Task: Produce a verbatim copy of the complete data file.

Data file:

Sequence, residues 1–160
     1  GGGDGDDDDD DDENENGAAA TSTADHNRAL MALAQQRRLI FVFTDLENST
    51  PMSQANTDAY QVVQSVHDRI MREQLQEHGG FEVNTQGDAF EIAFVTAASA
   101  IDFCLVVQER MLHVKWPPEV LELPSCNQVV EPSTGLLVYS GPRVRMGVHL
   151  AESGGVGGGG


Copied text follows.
Sequence, residues 1–160
     1  GGGDGDDDDD DDENENGAAA TSTADHNRAL MALAQQRRLI FVFTDLENST
    51  PMSQANTDAY QVVQSVHDRI MREQLQEHGG FEVNTQGDAF EIAFVTAASA
   101  IDFCLVVQER MLHVKWPPEV LELPSCNQVV EPSTGLLVYS GPRVRMGVHL
   151  AESGGVGGGG